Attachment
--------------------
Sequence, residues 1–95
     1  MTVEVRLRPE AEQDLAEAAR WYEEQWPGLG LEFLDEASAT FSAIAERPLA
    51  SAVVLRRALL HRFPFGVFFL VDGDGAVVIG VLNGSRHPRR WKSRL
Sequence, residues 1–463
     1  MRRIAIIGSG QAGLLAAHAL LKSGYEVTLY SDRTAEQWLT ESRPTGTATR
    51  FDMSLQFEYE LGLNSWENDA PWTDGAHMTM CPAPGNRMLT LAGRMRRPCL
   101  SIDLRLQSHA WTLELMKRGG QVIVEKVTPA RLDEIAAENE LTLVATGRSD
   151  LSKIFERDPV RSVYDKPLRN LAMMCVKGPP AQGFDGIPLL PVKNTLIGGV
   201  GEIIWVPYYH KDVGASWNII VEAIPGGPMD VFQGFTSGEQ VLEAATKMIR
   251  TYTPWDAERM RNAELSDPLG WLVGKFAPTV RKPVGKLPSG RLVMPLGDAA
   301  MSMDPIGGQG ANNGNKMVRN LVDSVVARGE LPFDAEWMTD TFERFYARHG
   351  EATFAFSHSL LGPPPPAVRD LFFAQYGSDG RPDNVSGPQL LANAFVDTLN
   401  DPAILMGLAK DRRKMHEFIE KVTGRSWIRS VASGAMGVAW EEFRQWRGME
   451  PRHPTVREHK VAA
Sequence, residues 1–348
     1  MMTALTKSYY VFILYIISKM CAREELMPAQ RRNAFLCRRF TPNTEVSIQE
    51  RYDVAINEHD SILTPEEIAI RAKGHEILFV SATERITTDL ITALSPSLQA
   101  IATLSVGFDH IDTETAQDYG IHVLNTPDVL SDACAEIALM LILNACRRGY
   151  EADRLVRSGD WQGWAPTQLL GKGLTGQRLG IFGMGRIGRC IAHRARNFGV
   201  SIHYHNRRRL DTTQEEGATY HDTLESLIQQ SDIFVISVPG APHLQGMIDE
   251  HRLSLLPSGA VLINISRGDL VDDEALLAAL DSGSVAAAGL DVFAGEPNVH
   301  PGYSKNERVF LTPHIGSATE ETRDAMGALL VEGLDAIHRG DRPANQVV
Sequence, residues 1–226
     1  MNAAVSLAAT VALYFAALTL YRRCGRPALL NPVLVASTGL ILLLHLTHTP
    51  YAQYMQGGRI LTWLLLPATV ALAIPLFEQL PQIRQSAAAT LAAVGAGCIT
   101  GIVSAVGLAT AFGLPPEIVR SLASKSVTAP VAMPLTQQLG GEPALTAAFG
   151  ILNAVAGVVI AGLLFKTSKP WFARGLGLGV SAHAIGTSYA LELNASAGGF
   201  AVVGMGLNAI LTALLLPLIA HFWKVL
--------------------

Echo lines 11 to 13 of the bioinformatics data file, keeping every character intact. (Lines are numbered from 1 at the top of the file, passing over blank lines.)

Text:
   301  MSMDPIGGQG ANNGNKMVRN LVDSVVARGE LPFDAEWMTD TFERFYARHG
   351  EATFAFSHSL LGPPPPAVRD LFFAQYGSDG RPDNVSGPQL LANAFVDTLN
   401  DPAILMGLAK DRRKMHEFIE KVTGRSWIRS VASGAMGVAW EEFRQWRGME